The Resurrection Of Flag Fen
In late 2010 The Moment magazine visited Flag Fen and discovered the hugely important Bronze Age site was struggling for survival. Neglected and seemingly forgotten, visitor numbers were so few that it could no longer justify staying open during weekdays. Now, thanks to some inspired management by Vivacity and an innovative new archaeological dig taking place at the site, this wonder of the ancient world is undergoing something of a resurrection. We paid a second visit to Flag Fen and are amazed at the transformation.
The weather contributed to the overall gloom that seemed to be enveloping Flag Fen in December of 2010. It was a damp, dark afternoon when The Moment visited one of the most important Bronze Age sites in Britain, and alternate heavy falls of snow and slush added to the desolate atmosphere.
The car park was empty because the site was officially closed midweek, the management unable to fund the staffing of Flag Fen when no-one bothered visiting. The man who discovered the site in 1982, Francis Pryor, seemed resigned to the fact that it would never receive the attention that it needed from fellow archaeologists due to lack of funds and an equivalent lack of interest. After enduring the rigours of time for some 3,500 years, Flag Fen would, Pryor warned, be decayed beyond help in as little as fifty years, its secrets lost forever; neglected, abandoned, and left to rot.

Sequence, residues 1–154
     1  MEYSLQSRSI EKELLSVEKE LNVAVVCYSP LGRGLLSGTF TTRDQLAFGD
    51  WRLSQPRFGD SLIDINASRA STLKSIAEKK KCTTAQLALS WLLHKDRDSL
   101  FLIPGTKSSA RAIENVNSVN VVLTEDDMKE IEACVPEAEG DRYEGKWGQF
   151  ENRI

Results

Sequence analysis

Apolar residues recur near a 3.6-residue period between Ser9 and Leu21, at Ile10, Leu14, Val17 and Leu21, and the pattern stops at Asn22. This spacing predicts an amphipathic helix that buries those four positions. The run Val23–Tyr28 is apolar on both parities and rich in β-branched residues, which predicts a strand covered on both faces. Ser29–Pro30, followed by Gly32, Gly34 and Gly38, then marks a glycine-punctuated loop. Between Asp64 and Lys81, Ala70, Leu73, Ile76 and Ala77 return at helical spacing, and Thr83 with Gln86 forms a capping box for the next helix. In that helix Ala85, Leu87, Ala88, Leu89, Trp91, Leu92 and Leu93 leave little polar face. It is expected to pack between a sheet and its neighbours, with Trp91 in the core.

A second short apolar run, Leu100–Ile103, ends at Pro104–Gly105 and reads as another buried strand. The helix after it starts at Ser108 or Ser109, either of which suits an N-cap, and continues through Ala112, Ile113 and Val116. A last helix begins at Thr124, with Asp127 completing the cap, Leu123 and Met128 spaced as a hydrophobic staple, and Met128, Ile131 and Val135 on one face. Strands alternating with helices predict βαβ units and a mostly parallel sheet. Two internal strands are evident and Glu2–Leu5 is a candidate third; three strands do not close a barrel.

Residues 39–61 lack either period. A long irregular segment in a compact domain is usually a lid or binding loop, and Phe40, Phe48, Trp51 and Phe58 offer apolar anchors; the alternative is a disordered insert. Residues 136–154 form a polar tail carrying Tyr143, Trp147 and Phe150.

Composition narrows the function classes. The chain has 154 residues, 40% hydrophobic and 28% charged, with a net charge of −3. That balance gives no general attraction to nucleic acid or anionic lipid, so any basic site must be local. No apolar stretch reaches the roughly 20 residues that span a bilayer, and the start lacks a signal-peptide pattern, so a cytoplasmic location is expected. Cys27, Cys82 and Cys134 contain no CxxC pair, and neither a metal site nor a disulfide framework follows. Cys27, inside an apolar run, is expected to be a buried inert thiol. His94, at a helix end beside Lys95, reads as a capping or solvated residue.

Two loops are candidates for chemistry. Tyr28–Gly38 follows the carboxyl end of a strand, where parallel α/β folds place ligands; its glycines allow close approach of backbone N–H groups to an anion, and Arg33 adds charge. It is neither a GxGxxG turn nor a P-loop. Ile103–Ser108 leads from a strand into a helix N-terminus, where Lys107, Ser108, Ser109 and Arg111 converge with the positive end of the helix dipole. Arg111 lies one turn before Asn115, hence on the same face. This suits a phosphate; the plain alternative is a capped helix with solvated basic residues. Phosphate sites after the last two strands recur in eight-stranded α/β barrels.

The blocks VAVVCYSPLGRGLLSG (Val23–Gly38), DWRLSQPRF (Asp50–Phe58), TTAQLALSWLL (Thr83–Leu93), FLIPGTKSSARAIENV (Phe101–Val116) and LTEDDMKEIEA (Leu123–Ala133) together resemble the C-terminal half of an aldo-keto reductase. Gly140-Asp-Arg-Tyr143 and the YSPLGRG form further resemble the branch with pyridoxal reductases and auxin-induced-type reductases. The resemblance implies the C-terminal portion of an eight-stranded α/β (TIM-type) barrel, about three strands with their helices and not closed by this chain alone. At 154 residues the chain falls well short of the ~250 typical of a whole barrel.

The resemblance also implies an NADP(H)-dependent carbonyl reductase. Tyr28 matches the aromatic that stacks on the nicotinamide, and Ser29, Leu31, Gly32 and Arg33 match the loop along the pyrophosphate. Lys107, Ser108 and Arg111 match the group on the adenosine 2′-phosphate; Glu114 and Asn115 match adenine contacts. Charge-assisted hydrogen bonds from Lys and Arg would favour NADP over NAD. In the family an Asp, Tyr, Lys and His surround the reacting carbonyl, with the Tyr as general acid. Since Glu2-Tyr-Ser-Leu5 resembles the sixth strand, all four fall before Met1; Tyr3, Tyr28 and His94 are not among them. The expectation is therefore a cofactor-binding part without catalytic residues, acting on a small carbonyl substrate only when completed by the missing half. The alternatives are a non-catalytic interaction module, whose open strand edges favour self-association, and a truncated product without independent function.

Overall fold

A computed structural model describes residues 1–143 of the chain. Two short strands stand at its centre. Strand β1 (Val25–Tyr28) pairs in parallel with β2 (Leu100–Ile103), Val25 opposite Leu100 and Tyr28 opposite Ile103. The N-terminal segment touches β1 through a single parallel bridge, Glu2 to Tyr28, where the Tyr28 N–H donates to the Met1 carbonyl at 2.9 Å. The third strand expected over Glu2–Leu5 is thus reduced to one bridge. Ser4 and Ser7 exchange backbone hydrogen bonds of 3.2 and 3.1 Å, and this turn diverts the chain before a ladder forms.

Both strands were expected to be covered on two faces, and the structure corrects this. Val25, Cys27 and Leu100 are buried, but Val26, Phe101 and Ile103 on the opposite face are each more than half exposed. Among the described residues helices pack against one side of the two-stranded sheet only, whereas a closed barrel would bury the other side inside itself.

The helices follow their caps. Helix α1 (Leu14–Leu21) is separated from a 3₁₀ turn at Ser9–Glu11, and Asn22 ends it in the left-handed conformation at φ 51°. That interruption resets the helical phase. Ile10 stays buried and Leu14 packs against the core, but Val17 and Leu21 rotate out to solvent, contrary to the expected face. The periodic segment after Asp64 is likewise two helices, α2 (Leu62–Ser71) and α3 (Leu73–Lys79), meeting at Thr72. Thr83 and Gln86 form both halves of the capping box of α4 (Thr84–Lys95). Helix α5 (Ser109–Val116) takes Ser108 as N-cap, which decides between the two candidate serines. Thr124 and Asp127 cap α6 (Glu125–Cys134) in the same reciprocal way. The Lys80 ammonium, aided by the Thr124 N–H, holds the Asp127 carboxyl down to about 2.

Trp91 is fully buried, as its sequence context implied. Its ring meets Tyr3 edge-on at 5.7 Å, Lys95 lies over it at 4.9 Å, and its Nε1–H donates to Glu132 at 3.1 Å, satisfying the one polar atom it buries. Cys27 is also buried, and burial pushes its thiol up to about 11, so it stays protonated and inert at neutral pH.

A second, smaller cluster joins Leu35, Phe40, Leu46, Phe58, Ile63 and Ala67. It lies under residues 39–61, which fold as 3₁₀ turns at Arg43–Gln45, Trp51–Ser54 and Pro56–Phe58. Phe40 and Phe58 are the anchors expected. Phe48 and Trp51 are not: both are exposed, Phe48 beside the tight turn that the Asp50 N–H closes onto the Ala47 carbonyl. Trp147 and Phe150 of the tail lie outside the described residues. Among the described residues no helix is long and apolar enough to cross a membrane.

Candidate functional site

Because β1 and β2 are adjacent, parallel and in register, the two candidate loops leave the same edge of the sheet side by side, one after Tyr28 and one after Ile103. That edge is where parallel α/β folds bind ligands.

Now just 18 months later, the scene at Flag Fen could not be more transformed. The sleet and snow have been replaced by blazing sunshine, flowers and shrubs are blooming everywhere, the once empty car park is now choc-a-block (despite it being midweek), people are laughing and joking in the visitor centre as they enjoy teas and coffees, and the site itself is a hive of activity. This is, in large part due to the hard work of the Vivacity Heritage team who have taken over the site since July 2011, gradually improving, interpreting and promoting the site to a wider audience. The current burst of activity is centred around a team of archaeologists who are bringing the Bronze Age world of Flag Fen to life thanks to an innovative new method of funding.